This question involves a data entry form in a web application. The form will be used in a desktop environment only; there's no need to account for mobile. A single user of this web app could be filling out this form hundreds of times a day.

While the form content is dynamic, the list of questions will always be in the range of about 20 or so. I say "questions", but more precisely the "question" test would just be a brief data caption that is just a couple of words long. Under these circumstances, the form is going to be just a bit longer than the browser window, thus activating the browser's scrollbar.

My question is: what would be the best place to put any action buttons, primarily the "Save" button, and what research has been done on the subject?

A few implementation possibilities:

Option 1: Include the action buttons in the top navigation or secondary top navigation, and have this top navigation be in a fixed position. An example of this is the structure we see in Gmail. (Although Gmail and a data entry app are not exactly one and the same, they are similar.)

Option 2: Put the action buttons at the bottom of the page in a fixed position, so that the buttons have a higher z-index than the form questions and retain visibility at all times.

Option 3: Don't use any fixed positioning. Put the "Save" button at the bottom of the form, and let the user get to the button as he/she completes data entry fields.

Option 4: Have a set of buttons that auto-scrolls to the position you are at within the form.

Option 5: put the buttons at the top and the bottom in fixed positions.

I've read some of Luke W's work, but don't believe I've come across a review of this particular aspect of form design.

I'm leaning toward the buttons being at the top in a fixed position, where the only scrollbar is the browser's scrollbar, not the scrollbar from an internal element. That seemed to be the direction taken in the question about placement of save & cancel buttons, but the responses in that question were short on reasons why a particular approach would work better.

  • Not based on research, but personal preference and experience, I like the idea of a save button on a fixed bar up top as well as the bottom of the form. Commented Mar 9, 2012 at 21:34
  • Might the keyboard navigation/shortcuts be more important for a rapid data entry type of tool? (of course, this depends on the level of your users) Commented Mar 9, 2012 at 21:36
  • @DesignerGuy - good point about keyboard shortcuts. I think it's a both/and, so placement of the action buttons is still important.
    – mg1075
    Commented Mar 10, 2012 at 20:05
  • 1
    @DesignerGuy - good point about keyboard shortcuts; it's a case where both should be implemented. And regarding the top and bottom button rows, it's interesting that when you composed an email in Gmail in their old look, you had buttons at both the top and bottom, and in their new look, you only have a top row of buttons.
    – mg1075
    Commented Mar 10, 2012 at 20:21

2 Answers 2


I would only use the buttons that follow the user's scroll position if there is a need to save intermittently, if users always have to complete the form, just put the buttons at the bottom of the form.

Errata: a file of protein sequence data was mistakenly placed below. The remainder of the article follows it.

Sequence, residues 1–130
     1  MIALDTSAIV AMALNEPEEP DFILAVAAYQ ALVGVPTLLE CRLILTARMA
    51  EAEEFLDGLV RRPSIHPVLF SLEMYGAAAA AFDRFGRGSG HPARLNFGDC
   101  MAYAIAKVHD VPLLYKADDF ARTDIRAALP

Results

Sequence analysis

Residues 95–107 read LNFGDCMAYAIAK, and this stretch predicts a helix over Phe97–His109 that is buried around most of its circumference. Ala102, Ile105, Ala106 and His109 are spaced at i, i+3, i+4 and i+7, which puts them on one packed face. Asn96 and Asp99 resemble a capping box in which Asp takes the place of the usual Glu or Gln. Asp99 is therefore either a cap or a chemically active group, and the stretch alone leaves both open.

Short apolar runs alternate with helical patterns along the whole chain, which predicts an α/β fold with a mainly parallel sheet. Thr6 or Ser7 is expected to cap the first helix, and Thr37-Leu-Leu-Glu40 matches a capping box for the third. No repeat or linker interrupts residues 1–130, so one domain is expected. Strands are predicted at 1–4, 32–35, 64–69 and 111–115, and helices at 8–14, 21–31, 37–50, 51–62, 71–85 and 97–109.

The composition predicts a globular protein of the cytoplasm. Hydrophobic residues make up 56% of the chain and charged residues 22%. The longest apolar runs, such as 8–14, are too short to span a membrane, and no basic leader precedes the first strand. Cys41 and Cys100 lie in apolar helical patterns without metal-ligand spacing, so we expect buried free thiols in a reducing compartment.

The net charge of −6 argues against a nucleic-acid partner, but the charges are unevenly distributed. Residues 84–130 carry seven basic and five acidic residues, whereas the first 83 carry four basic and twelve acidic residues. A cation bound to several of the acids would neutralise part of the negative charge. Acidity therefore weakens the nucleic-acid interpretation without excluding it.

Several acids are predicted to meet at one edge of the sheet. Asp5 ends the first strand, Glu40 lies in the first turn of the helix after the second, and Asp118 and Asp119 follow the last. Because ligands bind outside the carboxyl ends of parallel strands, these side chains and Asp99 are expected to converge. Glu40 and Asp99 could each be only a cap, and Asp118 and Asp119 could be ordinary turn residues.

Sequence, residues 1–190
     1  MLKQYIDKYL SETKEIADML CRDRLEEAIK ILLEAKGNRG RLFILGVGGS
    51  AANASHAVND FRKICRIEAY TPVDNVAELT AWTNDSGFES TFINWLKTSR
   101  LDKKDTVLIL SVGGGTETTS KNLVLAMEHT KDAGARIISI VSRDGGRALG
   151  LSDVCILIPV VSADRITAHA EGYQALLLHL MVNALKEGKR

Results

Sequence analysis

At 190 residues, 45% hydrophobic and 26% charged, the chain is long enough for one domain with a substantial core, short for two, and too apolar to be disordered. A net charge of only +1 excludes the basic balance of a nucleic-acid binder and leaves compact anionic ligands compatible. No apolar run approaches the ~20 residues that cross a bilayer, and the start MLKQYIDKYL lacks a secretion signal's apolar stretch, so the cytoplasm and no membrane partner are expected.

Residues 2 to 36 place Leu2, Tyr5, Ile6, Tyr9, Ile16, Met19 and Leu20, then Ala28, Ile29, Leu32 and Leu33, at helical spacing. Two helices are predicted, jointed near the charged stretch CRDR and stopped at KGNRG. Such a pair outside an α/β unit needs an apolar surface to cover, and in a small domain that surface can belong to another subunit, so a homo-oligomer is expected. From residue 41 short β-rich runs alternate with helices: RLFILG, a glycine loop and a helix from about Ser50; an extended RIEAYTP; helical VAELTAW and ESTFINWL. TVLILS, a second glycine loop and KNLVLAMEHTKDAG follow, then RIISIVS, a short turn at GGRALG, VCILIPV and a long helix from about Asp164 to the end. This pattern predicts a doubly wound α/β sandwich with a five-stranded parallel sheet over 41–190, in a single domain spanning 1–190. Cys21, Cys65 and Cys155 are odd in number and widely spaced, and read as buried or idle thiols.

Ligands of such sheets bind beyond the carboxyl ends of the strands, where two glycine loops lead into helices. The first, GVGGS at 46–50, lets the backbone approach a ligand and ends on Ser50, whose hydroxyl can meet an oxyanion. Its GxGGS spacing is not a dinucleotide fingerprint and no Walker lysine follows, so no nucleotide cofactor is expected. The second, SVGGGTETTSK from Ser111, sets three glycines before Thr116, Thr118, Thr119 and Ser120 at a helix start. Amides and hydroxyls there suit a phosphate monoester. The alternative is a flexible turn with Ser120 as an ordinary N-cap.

The one time I tried to put save buttons in a bar at the top of the page, users had no idea where to look for a few seconds. Frustration and complaints ensued.

  • Interesting that the users complained about the top button. When you implemented the buttons at the bottom, did you test between using a fixed position button vs. a variable position? I suppose what can be annoying about the fixed position is that form item content could disappear behind the bottom button row...
    – mg1075
    Commented Mar 10, 2012 at 20:15

I recommend Option 3 based on the information you provided. As the user fills out the form and moves down the page, they expect to find the action button following the form fields in-line with the user's actions. At the very least, the action buttons will be located at the user's point of focus as they finish the form.

Option 1 is troublesome in that the user doesn't expect action buttons to be placed at the beginning of a form. Their point of focus will be where they finish, and the buttons will be located elsewhere. Additionally, if the user enters mainly via the keyboard, they would have to stop, grab the mouse, position it over the top action button, and click. If the action button is at the end of the form, the user can hit Enter after tabbing into the action button. Also, by blocking off vertical space for the area holding the fixed buttons, you reduce the available space for the form fields.

Option 2 may cause users to miss the form fields which are "below the fold", assuming they are finished because they have reached the action button. Again, if you have a high percentage of heavy keyboard users, the action buttons may not be in the correct tab order.

Option 4 may introduce uncertainty into the user's workflow, as they could be unsure at what point they are meant to use them.

Option 5 further reduces the available screen space, compounding the potential issues with Option 2.

Your Answer

By clicking “Post Your Answer”, you agree to our terms of service and acknowledge you have read our privacy policy.

Not the answer you're looking for? Browse other questions tagged or ask your own question.